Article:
Role of Reviewers
Peer review is essential to the journal in assisting in making editorial decisions and assisting authors in manuscript improvement. Reviewers should point out relevant publications not cited in the manuscript and point out any similarities with previously published works. Reviewers should not consider manuscripts with conflicts of interest, competitive, financial, or collaborative. If a potential reviewer feels unqualified to review the manuscript, that reviewer should notify the editors immediately and decline the review. Manuscripts received for review will be treated as confidential documents and not shown or discussed with other without authorization from the editors. Authors should expect to receive reviewer reports in a prompt manner, normally within two weeks. Reviewer misconduct (breach of confidentiality, delay of peer review, plagiarism, or conflicts of interest) will not be tolerated.
Guidelines for Reviewers
Before accepting a Review request:
- Check whether the paper deals with your subject area
- Check the deadline and decide whether you will be able to meet it.
- If you are unable to do the review communicate to the Editor immediately. The Editor may give you an extension.
- Suggest replacement reviewers to the Editor.
- Inform the Editor if your circumstances change.
- Declare conflicts of interest, if any, to the Editor immediately.
- Decide on whether you will be able to provide an unbiased review.
- Refer to the Journal’s guidelines, aims and scope to decide whether the article meets them.
- Highlight any ethical concerns with the conduct of research, analysis or presentation of data.
- Provide constructive feedback on the manuscript’s strength and weakness.
- Be professional and considerate, clear and concise in your response.
- Do not hesitate to ask for clarifications if there are aspects of communication that you do not understand.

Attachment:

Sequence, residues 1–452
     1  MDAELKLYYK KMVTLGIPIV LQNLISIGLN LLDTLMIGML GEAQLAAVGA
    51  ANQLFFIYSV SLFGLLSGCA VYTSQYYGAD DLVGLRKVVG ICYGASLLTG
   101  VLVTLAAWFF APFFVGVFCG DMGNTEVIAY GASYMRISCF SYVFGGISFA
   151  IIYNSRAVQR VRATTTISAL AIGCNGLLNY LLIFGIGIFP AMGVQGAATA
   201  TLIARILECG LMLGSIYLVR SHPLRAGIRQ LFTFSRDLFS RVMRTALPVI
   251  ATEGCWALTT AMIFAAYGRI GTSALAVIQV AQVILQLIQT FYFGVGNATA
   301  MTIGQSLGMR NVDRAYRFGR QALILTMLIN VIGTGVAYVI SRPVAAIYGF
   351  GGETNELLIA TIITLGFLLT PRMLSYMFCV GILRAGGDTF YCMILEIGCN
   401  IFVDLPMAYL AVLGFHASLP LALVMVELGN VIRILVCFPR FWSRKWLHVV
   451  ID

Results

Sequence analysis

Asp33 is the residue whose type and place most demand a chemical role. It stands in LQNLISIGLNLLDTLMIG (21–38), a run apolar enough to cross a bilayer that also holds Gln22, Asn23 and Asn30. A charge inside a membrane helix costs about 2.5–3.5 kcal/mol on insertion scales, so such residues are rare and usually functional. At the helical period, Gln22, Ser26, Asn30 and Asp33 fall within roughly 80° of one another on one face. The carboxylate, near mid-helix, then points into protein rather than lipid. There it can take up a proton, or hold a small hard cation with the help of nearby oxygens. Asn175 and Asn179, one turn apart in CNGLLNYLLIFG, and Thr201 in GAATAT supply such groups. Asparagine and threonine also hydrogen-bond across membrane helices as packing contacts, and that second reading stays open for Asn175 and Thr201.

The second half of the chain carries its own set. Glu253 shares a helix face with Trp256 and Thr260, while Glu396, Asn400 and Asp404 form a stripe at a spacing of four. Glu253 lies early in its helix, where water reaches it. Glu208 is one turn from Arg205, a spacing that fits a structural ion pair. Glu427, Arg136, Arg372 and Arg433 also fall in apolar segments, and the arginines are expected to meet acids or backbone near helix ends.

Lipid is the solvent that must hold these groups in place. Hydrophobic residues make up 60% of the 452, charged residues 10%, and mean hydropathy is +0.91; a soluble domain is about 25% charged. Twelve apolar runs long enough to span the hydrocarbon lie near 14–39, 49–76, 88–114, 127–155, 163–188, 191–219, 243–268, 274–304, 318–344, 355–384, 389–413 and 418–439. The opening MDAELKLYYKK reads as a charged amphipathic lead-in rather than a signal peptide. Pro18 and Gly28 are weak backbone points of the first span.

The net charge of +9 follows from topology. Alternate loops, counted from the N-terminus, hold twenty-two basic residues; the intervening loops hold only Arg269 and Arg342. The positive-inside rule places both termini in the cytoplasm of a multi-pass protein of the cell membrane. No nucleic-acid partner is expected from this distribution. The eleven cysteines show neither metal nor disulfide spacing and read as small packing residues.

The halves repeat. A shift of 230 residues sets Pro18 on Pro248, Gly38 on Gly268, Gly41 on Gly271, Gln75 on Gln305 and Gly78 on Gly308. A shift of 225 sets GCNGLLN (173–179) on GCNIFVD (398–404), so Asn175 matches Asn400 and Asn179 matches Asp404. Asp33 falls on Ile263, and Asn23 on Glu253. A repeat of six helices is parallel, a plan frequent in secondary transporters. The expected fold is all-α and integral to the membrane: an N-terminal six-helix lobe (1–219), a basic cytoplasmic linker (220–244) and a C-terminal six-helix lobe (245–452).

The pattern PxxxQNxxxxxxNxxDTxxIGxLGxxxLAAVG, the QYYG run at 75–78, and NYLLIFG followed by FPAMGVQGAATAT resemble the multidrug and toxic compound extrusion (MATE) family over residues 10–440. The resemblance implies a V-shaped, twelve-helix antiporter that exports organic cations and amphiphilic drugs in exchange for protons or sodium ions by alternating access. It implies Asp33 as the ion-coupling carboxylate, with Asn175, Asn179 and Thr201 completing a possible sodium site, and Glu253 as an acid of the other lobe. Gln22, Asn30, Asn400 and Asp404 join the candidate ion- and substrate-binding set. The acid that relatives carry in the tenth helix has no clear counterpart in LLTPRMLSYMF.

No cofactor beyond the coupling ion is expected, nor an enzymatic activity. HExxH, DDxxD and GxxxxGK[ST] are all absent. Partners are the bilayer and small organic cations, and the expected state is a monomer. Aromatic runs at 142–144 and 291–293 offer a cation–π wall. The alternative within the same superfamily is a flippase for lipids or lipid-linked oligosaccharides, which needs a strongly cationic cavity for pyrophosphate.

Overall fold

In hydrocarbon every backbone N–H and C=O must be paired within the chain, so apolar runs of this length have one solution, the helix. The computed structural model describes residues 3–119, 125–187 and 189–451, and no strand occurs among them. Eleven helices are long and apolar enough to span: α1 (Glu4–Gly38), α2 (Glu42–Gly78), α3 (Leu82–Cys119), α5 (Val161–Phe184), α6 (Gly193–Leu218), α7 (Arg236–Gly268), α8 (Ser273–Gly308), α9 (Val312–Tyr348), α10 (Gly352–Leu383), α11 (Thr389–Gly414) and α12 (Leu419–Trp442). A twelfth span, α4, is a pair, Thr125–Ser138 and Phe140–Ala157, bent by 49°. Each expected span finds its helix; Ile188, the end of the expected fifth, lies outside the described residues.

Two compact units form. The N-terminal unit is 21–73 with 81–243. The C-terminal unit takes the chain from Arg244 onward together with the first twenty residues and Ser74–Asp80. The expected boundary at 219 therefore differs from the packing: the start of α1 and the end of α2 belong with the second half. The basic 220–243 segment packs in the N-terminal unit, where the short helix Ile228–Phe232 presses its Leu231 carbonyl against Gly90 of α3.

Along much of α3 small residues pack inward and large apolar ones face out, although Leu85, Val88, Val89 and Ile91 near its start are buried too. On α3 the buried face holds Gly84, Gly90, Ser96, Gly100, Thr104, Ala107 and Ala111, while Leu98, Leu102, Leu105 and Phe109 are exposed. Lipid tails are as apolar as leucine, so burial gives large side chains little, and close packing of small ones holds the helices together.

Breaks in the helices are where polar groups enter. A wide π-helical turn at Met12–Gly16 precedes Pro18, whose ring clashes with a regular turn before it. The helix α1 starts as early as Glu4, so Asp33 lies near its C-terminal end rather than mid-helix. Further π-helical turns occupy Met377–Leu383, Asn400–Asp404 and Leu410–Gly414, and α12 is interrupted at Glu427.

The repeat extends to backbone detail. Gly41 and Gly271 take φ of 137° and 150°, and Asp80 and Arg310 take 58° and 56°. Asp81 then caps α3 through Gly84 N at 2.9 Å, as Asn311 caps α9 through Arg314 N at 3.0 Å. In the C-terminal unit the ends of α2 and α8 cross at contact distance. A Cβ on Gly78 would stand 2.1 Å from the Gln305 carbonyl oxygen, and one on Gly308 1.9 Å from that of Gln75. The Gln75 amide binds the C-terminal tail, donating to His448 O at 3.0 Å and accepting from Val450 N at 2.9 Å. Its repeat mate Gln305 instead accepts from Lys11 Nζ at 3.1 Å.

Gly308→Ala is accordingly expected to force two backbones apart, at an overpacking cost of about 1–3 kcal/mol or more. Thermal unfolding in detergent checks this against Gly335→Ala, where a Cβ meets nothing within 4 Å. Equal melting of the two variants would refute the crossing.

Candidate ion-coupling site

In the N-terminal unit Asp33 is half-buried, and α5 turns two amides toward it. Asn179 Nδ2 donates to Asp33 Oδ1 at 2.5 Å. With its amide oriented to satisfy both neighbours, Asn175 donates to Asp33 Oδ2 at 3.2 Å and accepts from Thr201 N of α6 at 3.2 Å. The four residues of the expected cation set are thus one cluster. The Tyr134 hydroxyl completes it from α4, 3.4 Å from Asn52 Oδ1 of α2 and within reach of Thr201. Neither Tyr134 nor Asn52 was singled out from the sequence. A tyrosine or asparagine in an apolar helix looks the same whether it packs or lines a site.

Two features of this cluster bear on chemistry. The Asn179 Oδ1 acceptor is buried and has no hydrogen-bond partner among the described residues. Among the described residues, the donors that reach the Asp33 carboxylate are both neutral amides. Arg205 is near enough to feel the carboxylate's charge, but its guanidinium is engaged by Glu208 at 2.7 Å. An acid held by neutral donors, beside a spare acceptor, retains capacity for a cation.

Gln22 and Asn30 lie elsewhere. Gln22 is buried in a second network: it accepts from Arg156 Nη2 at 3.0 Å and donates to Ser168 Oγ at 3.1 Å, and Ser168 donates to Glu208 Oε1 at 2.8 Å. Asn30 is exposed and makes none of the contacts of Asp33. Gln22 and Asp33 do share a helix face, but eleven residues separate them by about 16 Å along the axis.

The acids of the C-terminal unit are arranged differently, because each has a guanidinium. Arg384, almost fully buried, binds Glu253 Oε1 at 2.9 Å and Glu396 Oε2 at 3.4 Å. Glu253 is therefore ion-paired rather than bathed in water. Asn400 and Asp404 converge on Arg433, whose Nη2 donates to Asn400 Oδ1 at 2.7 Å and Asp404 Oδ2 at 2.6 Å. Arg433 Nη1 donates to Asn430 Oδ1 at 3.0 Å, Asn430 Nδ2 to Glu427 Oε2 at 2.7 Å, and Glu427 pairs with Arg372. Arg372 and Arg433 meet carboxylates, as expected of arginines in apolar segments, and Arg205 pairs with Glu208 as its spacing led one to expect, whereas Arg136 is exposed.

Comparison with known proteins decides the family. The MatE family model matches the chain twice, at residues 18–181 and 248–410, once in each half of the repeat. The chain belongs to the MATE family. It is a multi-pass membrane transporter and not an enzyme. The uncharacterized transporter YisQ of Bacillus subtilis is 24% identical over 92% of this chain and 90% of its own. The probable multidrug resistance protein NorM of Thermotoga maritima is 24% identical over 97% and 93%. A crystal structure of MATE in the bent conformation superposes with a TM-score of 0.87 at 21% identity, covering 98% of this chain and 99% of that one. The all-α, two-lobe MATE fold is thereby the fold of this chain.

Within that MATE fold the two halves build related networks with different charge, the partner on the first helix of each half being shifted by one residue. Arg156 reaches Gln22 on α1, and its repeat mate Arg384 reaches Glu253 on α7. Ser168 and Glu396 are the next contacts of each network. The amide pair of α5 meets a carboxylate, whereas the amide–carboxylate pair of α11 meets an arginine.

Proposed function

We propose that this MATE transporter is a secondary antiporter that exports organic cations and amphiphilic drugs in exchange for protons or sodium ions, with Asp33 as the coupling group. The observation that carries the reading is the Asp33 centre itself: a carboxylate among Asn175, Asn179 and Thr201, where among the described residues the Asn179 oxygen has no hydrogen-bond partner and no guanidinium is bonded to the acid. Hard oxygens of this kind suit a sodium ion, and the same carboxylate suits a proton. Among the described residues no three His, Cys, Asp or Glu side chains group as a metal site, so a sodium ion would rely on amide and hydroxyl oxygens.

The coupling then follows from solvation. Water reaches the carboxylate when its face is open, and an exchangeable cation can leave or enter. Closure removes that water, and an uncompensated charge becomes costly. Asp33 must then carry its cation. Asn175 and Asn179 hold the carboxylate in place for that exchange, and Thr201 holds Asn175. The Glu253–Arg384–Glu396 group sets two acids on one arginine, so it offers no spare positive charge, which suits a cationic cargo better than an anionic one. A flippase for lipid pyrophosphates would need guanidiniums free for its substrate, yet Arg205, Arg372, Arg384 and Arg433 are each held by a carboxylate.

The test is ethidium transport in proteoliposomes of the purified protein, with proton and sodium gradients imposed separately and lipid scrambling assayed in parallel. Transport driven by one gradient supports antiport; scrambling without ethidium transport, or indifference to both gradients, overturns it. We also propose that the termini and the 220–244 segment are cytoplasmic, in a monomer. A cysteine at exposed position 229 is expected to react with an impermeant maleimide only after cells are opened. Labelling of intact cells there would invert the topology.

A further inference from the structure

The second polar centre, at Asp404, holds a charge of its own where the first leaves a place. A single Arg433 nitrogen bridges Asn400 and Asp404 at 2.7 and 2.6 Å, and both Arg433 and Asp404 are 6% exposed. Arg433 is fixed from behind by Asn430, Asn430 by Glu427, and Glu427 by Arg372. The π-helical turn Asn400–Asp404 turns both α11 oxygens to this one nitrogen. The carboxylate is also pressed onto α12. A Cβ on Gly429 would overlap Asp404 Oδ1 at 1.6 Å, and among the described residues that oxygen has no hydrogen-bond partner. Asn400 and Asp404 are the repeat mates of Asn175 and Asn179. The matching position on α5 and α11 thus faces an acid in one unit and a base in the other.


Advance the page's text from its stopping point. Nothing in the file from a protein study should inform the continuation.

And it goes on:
- Mention to the Editor if you are unsure about the different methods, analysis or statistics involved in the manuscript.
- Proof-read your work including email to the Editor and comments to the author before sending.
- Your review should be well structured and free of errors. This shows that you have taken enough time and given care to properly consider the article.
- Be honest and critical in your review, but be remain polite and constructive.
- Maintain the confidentiality of the research paper.
- Meet the deadline. Missed deadlines will delay the peer review process and subsequent publication.
On suspecting a breach of scientific conduct:
In rare occasions, a reviewer might suspect a breach of scientific conduct, such as plagiarism, unattributed reuse of ideas or figures generated by different authors, or data and image manipulations.
If you suspect that text may have been copied, put it between quotes and search online (Google Scholar is particularly helpful for this) to see if it appears in another article.
- It is not acceptable to copy complete paragraphs from other papers, even if they were written by the same authors. This self-plagiarism is still considered unethical and a potential breach of copyright if not properly credited and referenced.
- Stretches of text shorter than 10 words in quotation marks, or verbatim copies of definitions are often acceptable and should not be considered plagiarism.
- Another acceptable form of text reuse would be a short description of a particular method, cell line, or analysis tool in the Materials and Methods section.
- Figures from published articles should be accompanied by a citation under the image. It would be good practice to confirm with the Editor that they have received it.
Authors should have kept a copy of the original, unaltered file of every figure – so if you doubt the legitimacy of an image, raise it with the editor, to ask they request the original files.
Suspicious cases should be handled extremely carefully as they can have serious implications for the careers of all parties involved.
If you are convinced that some form of transgression has occurred, raise your concerns privately with the Editors. Our peer review systems have a box for “Confidential Comments to the Editor” for such instances.